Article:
By Patricia Gordon (2013)
If one wants to see many examples of distracted drivers, then one only has to cross the intersection at 2nd Street and 6th Avenue SW in downtown Calgary, or sit at the back of the No. 10 Calgary transit bus as it travels along 6th Avenue. I cannot count the number of times drivers, while talking on their cellphone, have ignored the pedestrians’ right of way and have almost hit myself or another pedestrian. I’ve often considered the possibility that if it is not lung failure or a heart attack that results in my passing, then it might be a distracted driver. Figuratively speaking, sometimes I feel like a cat with nine lives – that’s how common these near misses have occurred.
From my observations, I became particularly aware of two distracted driver types - the caller and the texter. I also became attentive to the fact I did not witness any distracted drivers on my way to work; rather, these incidents always occurred just after 5:00pm as I began my travel home like so many other downtown commuters. Such observations led me to presume drivers were either calling / texting their family or friends to check on their kids, or to make evening arrangements. Still, I found myself wondering why they didn’t simply connect from their workplace prior to heading home, or while sitting in their car in the parking lot.
The drivers I witnessed using their cellphones while driving were not young adults in their 20s, but rather people in their 40s, 50s, and even a man in his 60s. The offenders were not gender specific, but they were people I would normally expect to have the wisdom of mature adults; yet there they were breaking the law and having no regard for the safety of those around them. The texters, on the other hand, were always women in their 20s. Does this mean women text more than men? I confess, I am not sure of the significance of this observation except I was surprised young women, rather than men, were more willing to break the law and risk causing injury or death to others.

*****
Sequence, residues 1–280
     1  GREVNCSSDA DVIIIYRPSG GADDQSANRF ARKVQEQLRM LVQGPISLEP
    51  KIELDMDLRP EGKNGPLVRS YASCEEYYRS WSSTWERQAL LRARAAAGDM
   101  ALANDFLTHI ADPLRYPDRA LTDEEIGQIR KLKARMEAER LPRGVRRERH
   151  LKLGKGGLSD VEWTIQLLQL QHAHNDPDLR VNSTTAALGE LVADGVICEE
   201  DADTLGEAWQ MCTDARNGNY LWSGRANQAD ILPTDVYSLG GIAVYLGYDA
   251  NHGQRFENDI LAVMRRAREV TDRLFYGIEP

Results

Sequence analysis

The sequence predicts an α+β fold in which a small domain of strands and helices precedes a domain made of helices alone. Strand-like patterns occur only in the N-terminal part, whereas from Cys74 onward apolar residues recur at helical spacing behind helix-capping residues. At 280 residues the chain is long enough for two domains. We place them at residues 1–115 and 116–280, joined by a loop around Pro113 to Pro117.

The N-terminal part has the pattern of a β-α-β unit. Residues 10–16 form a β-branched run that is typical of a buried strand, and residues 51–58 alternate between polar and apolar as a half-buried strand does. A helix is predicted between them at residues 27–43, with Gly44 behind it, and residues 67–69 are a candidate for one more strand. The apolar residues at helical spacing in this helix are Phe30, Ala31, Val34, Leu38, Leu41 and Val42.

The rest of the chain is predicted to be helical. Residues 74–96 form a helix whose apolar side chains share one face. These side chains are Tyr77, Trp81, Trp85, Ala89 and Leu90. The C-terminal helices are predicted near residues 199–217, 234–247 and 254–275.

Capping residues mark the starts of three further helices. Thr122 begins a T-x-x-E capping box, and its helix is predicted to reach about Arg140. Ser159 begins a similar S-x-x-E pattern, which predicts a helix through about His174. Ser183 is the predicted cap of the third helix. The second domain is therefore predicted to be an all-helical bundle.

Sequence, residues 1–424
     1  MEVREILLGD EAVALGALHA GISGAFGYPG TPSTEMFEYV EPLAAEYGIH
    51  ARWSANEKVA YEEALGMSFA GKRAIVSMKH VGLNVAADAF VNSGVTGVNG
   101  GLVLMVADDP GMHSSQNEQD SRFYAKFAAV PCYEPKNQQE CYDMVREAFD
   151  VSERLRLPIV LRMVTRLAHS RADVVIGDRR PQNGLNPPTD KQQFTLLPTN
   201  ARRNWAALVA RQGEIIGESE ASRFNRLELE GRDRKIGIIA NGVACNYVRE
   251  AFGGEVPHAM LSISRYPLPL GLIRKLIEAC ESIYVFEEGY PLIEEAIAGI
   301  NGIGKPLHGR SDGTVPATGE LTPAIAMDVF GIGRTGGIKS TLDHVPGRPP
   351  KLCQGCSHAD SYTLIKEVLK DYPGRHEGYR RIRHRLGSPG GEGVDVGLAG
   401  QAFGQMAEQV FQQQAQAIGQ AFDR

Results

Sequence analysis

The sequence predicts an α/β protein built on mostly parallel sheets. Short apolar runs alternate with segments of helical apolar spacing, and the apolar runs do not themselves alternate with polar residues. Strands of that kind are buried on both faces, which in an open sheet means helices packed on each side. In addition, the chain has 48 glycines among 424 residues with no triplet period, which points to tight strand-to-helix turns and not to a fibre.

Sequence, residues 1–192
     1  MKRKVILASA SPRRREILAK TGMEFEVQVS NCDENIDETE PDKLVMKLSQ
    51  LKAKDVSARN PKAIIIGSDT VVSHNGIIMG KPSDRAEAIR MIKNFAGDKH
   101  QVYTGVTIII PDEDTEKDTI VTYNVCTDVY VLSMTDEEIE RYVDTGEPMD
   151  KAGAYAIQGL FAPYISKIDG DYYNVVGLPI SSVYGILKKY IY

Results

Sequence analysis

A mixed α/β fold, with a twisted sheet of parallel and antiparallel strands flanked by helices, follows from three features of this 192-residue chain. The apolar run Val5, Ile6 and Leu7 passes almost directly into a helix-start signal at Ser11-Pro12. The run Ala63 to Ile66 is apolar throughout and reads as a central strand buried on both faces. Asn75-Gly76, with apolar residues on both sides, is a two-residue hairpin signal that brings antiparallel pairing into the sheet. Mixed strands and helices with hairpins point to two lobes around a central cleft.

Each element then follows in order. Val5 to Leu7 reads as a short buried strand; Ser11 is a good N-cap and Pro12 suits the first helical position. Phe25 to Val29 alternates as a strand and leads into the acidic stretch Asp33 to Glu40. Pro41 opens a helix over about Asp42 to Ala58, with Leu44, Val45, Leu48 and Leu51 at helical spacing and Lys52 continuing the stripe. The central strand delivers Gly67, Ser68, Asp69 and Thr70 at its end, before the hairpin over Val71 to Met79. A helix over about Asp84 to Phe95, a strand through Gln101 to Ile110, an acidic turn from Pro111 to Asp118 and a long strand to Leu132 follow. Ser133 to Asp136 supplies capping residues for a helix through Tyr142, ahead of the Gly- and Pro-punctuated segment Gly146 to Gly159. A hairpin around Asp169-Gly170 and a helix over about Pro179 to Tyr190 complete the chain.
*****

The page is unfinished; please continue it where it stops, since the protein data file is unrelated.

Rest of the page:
Several years ago, the bus I had taken from the University of Calgary was stuck in traffic, and like most passengers I had become impatient with the snail’s pace commute home. It was not until the next day that I learned a child and her mother had been struck by a vehicle in an unmarked crossing. It was suspected the driver had been talking on her cellphone. Sadly, the young child succumbed to her injuries; she never had the chance to grow up. The Alberta Motor Association (AMA) denotes that driver distraction accounts for 20 – 30 % of all collisions, and that 100 deaths and 5,000 injuries annually can be directly linked to driver distraction.[i] These deaths were completely preventable.
In addition to a zero tolerance towards distracted drivers by the Calgary police, I would hope the business sector and post-secondary institutions alike collectively engage with their employees or students in supporting all efforts to discourage this illegal habit in the same manner drunk driving is entrenched in our society as unacceptable behaviour. Prior to making or answering that call or texting, drivers seriously need to consider that playing Russian roulette with other people’s lives not only destroys the lives of the victim’s family, but their wrongdoing will also be devastating to their family too.
[i]“Did You Know?” Alberta Motor Association (AMA), n.d. Web.